Mastiff are part of Hull’s stoner and doom scene, a scene which has produced some stunning bands including Batallions. Mastiff play aggressive brutal music that recalls Napalm Death and Nails. But despite these influences, they put their own stamp on their new album Plague, released in February.
I used to go on family holidays to Hull. While it holds a special place in my heart, there were some areas that felt grey and miserable. Mastiff’s music reflects this, with brutal grindcore breakdowns and an unrelenting chaos that is done and dusted in half an hour.
The production is raw, but it hints at a massive sound, especially on ‘Quarantine’ which is like one long , violent breakdown which melted my face. ‘Vermin’ is even bigger, incorporating gang vocals and a sludgy riff that gets slower as the track goes on. It’s nasty, filthy and compelling, keeping the listener engrossed in the album.
When you listen to this record, the gutterals might not appeal to everyone, (it took me a few listens to get warmed up to them), but the musicality is top notch. There’s so many blast beats and drumming that’s faster than a formula one car, while it feels like a journey through serious torture. The feedback combined with the harsh atmospheric sounds on ‘Black Death’ are a highlight. It’s a slow, sludgy nine-minute long track. Like the rest of the album, it is an anxious uncomfortable listen. The slow riff sums everything up, anger at the state of the world, and how humanity is driven by hate. It feels like a trip down the River Styx, a slow decay into the throes of suffering. The track finishes on a chord which sounds like the end of the world, bringing a brutal 30-minutes to a close.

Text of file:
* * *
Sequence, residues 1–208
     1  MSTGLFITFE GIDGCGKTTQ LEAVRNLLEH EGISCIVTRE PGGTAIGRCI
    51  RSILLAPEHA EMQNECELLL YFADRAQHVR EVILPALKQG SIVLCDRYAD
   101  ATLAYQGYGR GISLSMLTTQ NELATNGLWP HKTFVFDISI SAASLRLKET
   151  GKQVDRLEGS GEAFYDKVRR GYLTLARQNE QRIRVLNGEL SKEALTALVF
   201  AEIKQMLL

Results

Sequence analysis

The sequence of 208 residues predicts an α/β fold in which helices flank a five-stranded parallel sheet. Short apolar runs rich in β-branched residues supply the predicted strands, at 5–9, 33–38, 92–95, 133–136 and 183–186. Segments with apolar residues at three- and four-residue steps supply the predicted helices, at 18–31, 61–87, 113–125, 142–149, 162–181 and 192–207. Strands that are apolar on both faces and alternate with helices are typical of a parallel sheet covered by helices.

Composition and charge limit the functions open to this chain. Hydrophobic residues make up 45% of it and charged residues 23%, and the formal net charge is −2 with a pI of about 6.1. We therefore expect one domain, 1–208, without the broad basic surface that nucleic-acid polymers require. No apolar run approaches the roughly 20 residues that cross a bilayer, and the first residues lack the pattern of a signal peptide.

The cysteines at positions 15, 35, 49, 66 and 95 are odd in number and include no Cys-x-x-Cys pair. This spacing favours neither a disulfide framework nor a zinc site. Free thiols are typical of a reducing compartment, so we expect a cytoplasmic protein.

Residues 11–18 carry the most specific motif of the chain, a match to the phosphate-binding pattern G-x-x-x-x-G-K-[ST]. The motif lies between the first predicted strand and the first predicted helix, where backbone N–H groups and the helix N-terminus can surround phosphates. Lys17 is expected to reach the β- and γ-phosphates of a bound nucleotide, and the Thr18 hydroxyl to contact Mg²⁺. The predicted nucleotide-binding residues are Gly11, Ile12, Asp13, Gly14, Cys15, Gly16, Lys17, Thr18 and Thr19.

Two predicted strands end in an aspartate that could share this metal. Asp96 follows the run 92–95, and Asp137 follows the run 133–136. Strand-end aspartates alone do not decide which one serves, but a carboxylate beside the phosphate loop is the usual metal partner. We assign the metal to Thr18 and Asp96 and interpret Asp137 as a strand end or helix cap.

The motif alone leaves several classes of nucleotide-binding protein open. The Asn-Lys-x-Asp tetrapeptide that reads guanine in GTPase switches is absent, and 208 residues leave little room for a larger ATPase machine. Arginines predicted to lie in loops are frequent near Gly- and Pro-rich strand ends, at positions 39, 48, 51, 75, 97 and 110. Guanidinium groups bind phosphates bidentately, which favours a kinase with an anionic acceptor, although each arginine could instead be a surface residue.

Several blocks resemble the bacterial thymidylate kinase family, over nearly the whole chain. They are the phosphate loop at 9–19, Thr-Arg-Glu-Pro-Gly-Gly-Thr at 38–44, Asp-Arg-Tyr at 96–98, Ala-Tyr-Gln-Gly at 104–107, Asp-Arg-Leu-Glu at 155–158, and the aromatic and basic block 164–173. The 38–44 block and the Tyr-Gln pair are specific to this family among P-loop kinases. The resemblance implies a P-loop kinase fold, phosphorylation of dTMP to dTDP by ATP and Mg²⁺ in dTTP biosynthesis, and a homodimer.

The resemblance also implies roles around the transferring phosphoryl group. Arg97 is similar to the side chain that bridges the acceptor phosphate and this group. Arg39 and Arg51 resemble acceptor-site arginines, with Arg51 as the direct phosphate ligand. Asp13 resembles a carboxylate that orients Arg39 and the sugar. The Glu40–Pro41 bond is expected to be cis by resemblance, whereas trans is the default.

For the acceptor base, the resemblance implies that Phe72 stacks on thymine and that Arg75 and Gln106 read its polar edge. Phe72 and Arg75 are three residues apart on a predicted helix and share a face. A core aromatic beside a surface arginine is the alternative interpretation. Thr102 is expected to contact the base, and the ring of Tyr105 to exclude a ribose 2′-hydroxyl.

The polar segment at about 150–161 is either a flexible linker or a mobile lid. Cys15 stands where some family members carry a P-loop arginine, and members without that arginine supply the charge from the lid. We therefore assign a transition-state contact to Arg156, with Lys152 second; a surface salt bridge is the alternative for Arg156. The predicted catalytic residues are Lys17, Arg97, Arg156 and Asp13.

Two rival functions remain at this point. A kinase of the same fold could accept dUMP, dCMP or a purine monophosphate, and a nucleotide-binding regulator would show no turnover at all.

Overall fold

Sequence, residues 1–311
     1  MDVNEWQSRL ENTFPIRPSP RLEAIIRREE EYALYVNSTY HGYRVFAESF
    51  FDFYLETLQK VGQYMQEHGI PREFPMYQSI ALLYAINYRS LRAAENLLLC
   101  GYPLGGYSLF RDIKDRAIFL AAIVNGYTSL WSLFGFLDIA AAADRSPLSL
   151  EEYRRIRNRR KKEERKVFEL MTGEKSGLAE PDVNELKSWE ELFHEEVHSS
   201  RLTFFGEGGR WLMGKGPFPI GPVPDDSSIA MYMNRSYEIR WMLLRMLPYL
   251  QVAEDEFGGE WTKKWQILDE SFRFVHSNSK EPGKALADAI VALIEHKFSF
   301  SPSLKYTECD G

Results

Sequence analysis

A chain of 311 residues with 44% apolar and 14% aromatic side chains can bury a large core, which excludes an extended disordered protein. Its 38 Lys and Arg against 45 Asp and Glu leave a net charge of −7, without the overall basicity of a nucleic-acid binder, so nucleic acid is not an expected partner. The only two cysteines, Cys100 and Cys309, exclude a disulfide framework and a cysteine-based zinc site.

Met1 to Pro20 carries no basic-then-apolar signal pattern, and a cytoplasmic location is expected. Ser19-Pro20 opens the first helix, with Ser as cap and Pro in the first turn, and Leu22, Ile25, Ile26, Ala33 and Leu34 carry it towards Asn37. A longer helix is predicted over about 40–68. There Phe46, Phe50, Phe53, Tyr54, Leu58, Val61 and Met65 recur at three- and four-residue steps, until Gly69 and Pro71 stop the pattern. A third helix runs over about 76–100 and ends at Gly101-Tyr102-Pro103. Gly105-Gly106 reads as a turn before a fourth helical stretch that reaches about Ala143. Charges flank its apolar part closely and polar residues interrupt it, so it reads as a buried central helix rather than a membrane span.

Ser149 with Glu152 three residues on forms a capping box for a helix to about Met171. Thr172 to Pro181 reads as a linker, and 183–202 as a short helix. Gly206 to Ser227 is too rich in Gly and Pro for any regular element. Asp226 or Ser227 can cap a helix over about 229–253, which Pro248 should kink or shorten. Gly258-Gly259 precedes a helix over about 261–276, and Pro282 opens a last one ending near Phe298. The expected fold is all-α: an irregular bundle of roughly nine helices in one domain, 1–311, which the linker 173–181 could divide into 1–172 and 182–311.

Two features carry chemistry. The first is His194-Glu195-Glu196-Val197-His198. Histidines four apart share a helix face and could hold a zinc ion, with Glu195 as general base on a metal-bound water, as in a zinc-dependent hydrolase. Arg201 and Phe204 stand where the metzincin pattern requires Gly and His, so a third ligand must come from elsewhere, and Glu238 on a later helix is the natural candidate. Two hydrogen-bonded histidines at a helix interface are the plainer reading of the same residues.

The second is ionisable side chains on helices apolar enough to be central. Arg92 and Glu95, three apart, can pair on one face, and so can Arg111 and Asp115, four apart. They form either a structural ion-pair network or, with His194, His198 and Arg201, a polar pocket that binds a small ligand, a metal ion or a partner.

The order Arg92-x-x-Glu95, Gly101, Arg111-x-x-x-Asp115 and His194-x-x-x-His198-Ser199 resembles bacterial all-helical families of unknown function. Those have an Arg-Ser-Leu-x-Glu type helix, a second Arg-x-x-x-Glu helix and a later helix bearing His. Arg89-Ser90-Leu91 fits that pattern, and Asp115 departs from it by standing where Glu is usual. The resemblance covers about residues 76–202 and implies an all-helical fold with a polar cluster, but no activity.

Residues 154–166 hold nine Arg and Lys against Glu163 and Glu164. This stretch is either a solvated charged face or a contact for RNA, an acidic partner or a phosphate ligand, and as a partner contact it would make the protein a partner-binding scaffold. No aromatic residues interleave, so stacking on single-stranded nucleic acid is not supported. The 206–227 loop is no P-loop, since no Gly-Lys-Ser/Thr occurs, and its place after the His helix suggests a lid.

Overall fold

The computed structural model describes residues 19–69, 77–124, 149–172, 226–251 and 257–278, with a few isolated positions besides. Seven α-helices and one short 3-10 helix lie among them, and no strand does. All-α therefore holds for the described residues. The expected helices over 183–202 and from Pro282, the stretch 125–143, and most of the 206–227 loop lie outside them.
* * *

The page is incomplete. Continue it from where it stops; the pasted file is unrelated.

Mastiff have gigged relentlessly, and I’m sure that Plague will increase their reputation, turning heavy music on its head. They’re playing shows with Conan, Conjurer, and Armed For Apocalypse so you can be sure that they’ll get a bigger following in the metal community.
Words by Ermis Madikopoulos